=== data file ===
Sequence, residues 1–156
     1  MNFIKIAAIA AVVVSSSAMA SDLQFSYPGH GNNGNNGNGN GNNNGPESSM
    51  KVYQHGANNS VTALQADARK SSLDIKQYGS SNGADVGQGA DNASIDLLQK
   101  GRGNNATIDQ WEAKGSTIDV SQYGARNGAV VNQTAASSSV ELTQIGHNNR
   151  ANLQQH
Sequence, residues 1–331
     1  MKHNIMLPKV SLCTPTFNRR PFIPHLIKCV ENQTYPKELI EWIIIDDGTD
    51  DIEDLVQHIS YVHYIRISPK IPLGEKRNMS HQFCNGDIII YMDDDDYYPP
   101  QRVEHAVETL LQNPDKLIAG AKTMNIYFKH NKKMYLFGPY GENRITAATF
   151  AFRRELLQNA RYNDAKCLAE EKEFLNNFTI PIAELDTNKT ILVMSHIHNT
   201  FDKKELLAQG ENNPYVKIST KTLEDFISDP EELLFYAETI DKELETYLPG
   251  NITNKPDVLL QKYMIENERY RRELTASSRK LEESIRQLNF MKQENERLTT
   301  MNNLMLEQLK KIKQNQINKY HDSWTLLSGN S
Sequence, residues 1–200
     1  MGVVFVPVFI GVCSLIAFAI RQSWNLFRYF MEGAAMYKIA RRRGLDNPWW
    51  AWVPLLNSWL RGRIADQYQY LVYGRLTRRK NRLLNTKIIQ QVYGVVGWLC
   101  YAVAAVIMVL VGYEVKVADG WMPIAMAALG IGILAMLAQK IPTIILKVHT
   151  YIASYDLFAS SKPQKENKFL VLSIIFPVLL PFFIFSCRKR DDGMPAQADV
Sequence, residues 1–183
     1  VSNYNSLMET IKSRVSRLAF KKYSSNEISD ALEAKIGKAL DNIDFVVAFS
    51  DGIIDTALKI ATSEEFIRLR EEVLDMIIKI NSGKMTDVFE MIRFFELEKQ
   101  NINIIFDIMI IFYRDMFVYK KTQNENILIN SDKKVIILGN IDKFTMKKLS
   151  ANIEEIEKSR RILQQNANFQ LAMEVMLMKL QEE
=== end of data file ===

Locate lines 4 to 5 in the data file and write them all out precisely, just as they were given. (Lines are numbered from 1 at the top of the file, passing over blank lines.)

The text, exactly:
   101  GRGNNATIDQ WEAKGSTIDV SQYGARNGAV VNQTAASSSV ELTQIGHNNR
   151  ANLQQH